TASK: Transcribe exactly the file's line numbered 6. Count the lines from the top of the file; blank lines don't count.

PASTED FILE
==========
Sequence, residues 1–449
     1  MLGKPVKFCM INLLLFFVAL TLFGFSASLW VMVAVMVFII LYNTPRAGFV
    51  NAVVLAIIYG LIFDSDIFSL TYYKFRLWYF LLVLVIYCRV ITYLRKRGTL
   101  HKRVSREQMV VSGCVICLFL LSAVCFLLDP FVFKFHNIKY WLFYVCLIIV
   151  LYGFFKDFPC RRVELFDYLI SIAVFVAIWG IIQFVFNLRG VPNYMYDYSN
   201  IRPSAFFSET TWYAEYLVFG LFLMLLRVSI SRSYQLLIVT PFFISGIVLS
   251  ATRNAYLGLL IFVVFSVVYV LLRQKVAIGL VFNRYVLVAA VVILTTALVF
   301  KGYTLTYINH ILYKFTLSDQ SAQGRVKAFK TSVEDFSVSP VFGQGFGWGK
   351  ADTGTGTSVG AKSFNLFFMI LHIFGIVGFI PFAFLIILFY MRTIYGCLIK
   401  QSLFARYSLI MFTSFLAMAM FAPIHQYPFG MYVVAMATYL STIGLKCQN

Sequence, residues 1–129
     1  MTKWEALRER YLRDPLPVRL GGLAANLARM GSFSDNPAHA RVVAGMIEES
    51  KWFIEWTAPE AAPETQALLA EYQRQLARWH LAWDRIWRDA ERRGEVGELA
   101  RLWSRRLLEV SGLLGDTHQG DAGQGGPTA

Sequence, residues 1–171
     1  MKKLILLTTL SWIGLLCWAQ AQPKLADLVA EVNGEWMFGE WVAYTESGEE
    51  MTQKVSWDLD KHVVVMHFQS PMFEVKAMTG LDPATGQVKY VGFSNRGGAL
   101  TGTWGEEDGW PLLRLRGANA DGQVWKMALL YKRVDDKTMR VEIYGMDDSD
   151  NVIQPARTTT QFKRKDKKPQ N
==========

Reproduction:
   201  IRPSAFFSET TWYAEYLVFG LFLMLLRVSI SRSYQLLIVT PFFISGIVLS